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BRIEF RESEARCH REPORT article

Front. Pharmacol., 20 October 2023
Sec. Pharmacogenetics and Pharmacogenomics
This article is part of the Research Topic Pharmacogenomics Implementation: From Concept to Practice View all 9 articles

Pharmacogenomics in clinical trials: an overview

  • Clinical Trials Unit, Bioaraba Health Research Institute, Vitoria-Gasteiz, Spain

With the trend towards promoting personalised medicine (PM), the application of pharmacogenetics and pharmacogenomics (PGx) is of growing importance. For the purposes of clinical trials, the inclusion of PGx is an additional tool that should be considered for improving our knowledge about the effectiveness and safety of new drugs. A search of available clinical trials containing pharmacogenetic and PGx information was conducted on ClinicalTrials.gov. The results show there has been an increase in the number of trials containing PGx information since the 2000 s, with particular relevance in the areas of Oncology (28.43%) and Mental Health (10.66%). Most of the clinical trials focus on treatment as their primary purpose. In those clinical trials entries where the specific genes considered for study are detailed, the most frequently explored genes are CYP2D6 (especially in Mental Health and Pain), CYP2C9 (in Hematology), CYP2C19 (in Cardiology and Mental Health) and ABCB1 and CYP3A5 (particularly prominent in Transplantation and Cardiology), among others. Researchers and clinicans should be trained in pharmacogenetics and PGx in order to be able to make a proper interpretation of this data, contributing to better prescribing decisions and an improvement in patients’ care, which would lead to the performance of PM.

1 Introduction

Personalised medicine (PM) was first defined in 2015 as a medical model using characterisation of individuals’ phenotypes and genotypes (e.g., molecular profiling, medical imaging, lifestyle data) for tailoring the right therapeutic strategy for the right person at the right time, and/or to determine the predisposition to disease and/or to deliver timely and targeted prevention. PM relates to the broader concept of patient-centred care, which takes into account that, in general, healthcare systems need to better respond to patient needs (European Union, 2023).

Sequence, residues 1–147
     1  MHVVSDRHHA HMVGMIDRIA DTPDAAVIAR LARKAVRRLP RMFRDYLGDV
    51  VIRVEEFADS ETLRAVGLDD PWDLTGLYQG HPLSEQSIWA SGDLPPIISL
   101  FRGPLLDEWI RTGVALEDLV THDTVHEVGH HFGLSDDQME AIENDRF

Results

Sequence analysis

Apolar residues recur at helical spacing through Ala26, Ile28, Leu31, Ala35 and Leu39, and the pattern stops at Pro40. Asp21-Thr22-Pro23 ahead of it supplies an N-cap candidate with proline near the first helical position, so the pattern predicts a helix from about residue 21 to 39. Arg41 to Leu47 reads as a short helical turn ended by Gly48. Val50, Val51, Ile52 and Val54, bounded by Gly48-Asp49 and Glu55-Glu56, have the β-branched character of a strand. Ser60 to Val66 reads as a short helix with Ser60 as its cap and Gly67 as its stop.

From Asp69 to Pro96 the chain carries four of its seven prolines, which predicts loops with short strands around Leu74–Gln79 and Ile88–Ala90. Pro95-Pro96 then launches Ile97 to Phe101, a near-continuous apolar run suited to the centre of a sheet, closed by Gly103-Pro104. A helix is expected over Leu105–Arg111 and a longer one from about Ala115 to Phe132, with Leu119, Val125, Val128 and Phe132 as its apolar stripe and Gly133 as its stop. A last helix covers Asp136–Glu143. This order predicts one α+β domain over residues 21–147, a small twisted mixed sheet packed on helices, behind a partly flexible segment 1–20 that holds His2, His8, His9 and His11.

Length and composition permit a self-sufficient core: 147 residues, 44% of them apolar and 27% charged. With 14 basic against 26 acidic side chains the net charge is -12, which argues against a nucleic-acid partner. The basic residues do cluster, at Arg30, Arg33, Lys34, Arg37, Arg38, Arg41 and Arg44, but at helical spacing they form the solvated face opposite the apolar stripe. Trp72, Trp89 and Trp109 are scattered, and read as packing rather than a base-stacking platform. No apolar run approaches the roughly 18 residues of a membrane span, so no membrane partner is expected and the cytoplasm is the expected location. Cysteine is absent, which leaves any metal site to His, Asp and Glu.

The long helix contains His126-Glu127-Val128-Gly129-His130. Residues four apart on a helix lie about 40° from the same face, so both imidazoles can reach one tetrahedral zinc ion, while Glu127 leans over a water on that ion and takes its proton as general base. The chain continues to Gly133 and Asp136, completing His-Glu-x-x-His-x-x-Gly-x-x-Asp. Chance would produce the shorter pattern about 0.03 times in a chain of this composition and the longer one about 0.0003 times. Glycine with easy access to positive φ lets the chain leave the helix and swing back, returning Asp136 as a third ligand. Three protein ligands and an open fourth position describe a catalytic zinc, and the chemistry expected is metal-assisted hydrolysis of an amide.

In this context, insights from pharmacogenetics and pharmacogenomics (PGx) become extremely useful to achieve such a level of personalised therapy.

While pharmacogenetics studies the individual variations in drug response due to genetic causes (Motulsky, 1957; Evans and Ckarke, 1961; Nebert, 1999), PGx is a broader based term that encompasses the simultaneous impact of multiple mutations in the genome that may determine a person response to drugs (Dere and Suto, 2009; Adams, 2008).

Although it is noticeable that drug data sheets now contain information on pharmacogenetic and PGx recommendations, not all the regulatory agencies have implemented this type of information to the same extent. The Pharmacogenomics Knowledge Base (PharmGKB) (Pharmacogenomics Knowledge Base, 2023; Whirl-Carrillo et al., 2021; Whirl-Carrillo et al., 2012), under its “Drug Label Annotations” section provides pharmacogenetic information included in the summary of product characteristics of drugs approved by different regulatory agencies. See Supplementary Material.

There is a World Health Organization’s publication from 2007 which already pointed out that PGx would cause significant changes in pharmacological research at the level of clinical trials conduct (Boulyjenkov et al., 2007).

Although the ethical challenges associated with the use of genetic information in clinical research should not be overlooked, the inclusion of PGx testing in clinical trials can help in the development of new medicines by contributing to a better understanding of their efficacy and safety (Pandya, 2017).

In this regard, clinical trials on medicinal products for human are a cornerstone for PM (Beccia et al., 2022; European Commission Directorate-General for Research and Innovation, 2011).

2 Materials and methods

A search on ClinicalTrials.gov (ClinicalTrials, 2023) was performed in order to review the clinical trials including PGx information available at the database. The terms “pharmacogenetics,” “pharmacogenetics and PGx studies,” “genetic” and “single-nucleotide polymorphisms” were included in the search field and the results were limited to interventional studies in order to obtain clinical trials information only.

The clinical trials were classified according to the health area they related to and their design.

Information about the clinical trial’s location and characteristics from the enrolled participants and main genes studied were also obtained.

3 Results